6-7-02, 4:00 p.m.
BY GEOFF HOBSON
With Darnay Scott's status still murky, the Bengals are making "exploratory," moves in the suddenly rich free-agent market of wide receivers.
After Monday's Paul Brown Stadium workout by Redskins receiver Michael Westbrook, the interest level rose enough that the Bengals made plans to contact his agent. That came after a weekend they also made contact with the agents for Antonio Freeman, Keenan McCardell and Derrick Alexander.
Alexander agreed to terms with the Vikings late Friday with ESPN.com reporting a three-year, $5.1 million deal and hours later McCardell went to Tampa Bay for a reported four-year, $10 million contract that included a $2 million bonus.
Westbrook ran one 40-yard dash and caught about 10 passes from rookie quarterback Gavin Hoffman, enough to catch the Bengals' eye.
"We'll talk to them and see what is in the cards," said Bengals President Mike Brown. "He had a good workout. and I thought he showed well."
The Jaguars have also expressed interest, but after the workout Westbrook said he is serious about the Bengals, that Cincinnati is the only team he is looking at curently,and one of the reasons is because, "that's down near the water somewhere and this is up near my family (in Detroit). It's a better fit for me."
Duke Tobin, the club's director of pro/college personnel, said the Bengals are merely, "gathering information," for down the road. At the bend is Scott, their speed receiver they haven't seen since he went home with a sore shin a month ago. Scott, who turns 30 next month, costs $3.9 million against the salary cap in the last year of his contract with a scheduled $3 million in salary and roster bonus and the speculation is the Bengals want him back if he'll re-negotiate his deal.
The Bengals insist Scott is still in their plans, but they no doubt hope Scott notes that two veteran receivers with similar age and experience are now working on deals much less than his.
"Darnay is now a member of our team and a valuable member of our team," Tobin said. "We want him healthy and ready to play. Hopefully, all those things will happen."
But that's an IF because the Bengals can't seem to get any answers on Scott at the moment. So, Plan B is the interesting crew on the market and Westbrook has shown interest in the Bengals.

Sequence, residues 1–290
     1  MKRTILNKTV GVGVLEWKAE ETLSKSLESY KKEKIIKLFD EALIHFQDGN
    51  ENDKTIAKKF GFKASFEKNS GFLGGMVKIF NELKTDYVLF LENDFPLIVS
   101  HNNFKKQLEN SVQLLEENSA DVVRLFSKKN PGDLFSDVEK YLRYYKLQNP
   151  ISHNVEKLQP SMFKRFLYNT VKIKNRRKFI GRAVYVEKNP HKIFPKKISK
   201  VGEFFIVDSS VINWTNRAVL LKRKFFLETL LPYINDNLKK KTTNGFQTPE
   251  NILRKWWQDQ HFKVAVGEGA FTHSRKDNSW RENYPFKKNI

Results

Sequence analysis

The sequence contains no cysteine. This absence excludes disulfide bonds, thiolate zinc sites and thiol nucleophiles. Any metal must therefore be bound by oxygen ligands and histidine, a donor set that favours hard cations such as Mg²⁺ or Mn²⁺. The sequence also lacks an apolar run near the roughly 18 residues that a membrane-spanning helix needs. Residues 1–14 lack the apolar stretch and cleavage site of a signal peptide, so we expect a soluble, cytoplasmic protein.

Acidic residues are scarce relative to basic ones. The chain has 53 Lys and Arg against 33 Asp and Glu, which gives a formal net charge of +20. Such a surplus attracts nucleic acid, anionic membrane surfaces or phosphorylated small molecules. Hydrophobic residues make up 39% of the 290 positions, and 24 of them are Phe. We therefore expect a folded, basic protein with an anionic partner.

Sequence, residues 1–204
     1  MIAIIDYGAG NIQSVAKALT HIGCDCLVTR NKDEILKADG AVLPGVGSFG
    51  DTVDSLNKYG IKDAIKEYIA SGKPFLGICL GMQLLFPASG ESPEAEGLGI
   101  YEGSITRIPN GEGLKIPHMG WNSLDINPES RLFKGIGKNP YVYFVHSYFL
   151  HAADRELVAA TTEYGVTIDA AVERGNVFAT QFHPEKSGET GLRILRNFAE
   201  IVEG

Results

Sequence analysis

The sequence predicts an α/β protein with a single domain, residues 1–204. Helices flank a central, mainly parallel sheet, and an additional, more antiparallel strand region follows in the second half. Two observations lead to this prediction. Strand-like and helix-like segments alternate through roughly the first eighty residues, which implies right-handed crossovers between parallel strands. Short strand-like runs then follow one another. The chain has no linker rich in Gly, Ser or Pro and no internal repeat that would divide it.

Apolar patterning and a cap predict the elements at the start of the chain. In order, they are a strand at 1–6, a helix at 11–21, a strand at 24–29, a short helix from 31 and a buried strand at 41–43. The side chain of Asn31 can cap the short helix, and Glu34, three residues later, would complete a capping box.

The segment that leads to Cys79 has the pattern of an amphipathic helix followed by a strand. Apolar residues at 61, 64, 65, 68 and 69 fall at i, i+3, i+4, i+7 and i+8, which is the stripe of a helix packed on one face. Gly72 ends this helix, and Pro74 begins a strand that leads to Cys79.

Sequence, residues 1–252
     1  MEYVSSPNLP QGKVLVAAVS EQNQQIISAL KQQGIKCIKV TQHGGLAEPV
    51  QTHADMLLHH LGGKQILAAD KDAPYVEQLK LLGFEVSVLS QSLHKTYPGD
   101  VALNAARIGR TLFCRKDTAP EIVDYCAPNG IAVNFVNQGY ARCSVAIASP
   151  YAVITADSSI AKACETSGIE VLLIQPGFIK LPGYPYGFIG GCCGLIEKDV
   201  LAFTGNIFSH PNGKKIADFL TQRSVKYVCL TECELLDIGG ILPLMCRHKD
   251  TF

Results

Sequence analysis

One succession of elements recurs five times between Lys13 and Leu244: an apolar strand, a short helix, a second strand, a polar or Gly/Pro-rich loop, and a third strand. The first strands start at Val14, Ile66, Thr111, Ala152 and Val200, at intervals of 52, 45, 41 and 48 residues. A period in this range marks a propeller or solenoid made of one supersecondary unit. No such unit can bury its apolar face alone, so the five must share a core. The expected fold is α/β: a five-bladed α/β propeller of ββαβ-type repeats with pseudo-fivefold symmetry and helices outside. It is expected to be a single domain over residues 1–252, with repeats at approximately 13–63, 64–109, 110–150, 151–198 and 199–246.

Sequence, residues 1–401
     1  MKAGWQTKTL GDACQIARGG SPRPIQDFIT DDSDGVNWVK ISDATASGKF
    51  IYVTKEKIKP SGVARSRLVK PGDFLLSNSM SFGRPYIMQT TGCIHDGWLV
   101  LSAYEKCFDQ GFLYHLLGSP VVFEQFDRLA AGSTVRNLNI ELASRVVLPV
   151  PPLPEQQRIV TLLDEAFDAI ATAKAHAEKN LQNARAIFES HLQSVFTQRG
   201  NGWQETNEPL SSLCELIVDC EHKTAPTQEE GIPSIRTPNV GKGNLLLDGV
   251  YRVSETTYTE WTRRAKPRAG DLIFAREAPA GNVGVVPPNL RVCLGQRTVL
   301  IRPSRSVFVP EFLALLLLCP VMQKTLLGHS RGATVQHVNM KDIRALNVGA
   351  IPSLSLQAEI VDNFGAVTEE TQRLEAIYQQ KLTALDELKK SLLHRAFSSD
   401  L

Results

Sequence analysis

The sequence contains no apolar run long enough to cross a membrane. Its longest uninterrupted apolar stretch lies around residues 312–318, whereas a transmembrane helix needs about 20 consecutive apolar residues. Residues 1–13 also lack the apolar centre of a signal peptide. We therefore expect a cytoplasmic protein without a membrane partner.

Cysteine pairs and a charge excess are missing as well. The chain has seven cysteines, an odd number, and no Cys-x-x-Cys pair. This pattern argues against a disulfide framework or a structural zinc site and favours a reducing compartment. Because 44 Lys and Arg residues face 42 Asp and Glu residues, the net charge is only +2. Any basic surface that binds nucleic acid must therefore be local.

The 6-3, 221-pound Westbrook is the prototype of the big NFL receiver they haven't had since the ugly divorce with Carl Pickens after the 1999 season. Ironically, Westbrook has the same agent that won Pickens two lucrative deals with the Bengals in Steve Zucker. Zucker also got the deal done last year that put Richmond Webb at left tackle.
Zucker said Friday that Westbrook turned down an offer to return to Washington and he thinks his client is better off with a change of scenery. Cincinnati is attractive enough to Westbrook that he has put a visit to the Jaguars on hold.
"From what I hear from Richmond, it's a different place than when Carl was there," Zucker said. "Just from the type of people they've
brought in through free agency and the draft. The commitment and from what I hear, they all love the coach.
"He thinks it would be a good spot for him and I do, too," Zucker said. "I think it's a team that's been turned around and looks like it's on its way. Jacksonville could always get back in the picture and there are two other teams showing interest. But he wants to see what happens here."
Zucker says his client has never been known to be out of shape, is fit enough to be a black belt in karate, and says Westbrook is claiming he's as fast as ever. If Westbrook flashes the speed Monday that Tobin remembers, it could get interesting quickly.
"When I was at Colorado, Michael was a superior athlete," said Tobin, a quarterback in Boulder while Westbrook was en-route to becoming the school's all-time leading receiver.
"He's got great size and hands and back then, he really could run," Tobin said. "We want to see at what stage of his career he is at. I've got high regard for his play-making abilities. This the best position out there on the market and we feel it deserves a look."
Westbrook, who turns 30 the same day as Scott (July 7), had one year in which he was the playmaker the Redskins envisioned when they took him with the fourth pick in the 1995 draft. In 1999, he led the NFL with 18.3 yards per catch and added a career-high 65 catches, 1,191 yards, and nine touchdowns. Then he tore his anterior cruciate knee ligament in the second week of 2000 and missed the rest of the year.
Last year, he caught 57 balls for 664 yards for an 11.6 average with four touchdowns. In seven seasons, Westbrook has 277 catches, 4,260 yards, a 15.3 average, and 24 touchdowns. In seven seasons, Scott has 386 catches, 5,975 yards, 15.5 average, and 36 touchdowns.
The Bengals aren't saying what they'll do with Scott if they sign another veteran receiver. National reports have them with about $2 million to spare beyond their rookie pool. Although it is doubtful the Bengals would go to training camp with Scott and another veteran receiver, Brown wouldn't say how a veteran signing would affect a corps of Scott, Peter Warrick, Chad Johnson, Danny Farmer, Ron Dugans and T.J. Houshmandzadeh.
"There are some established veteran receivers on the free-agent market and we're curious about them," Brown said. "We're going to bring in one or two of them to talk with us and maybe work out. It could be after we work them out and talk to them that they would be a good fit. I don't know how it would impact others, but we're not going to carry more than six receivers probably."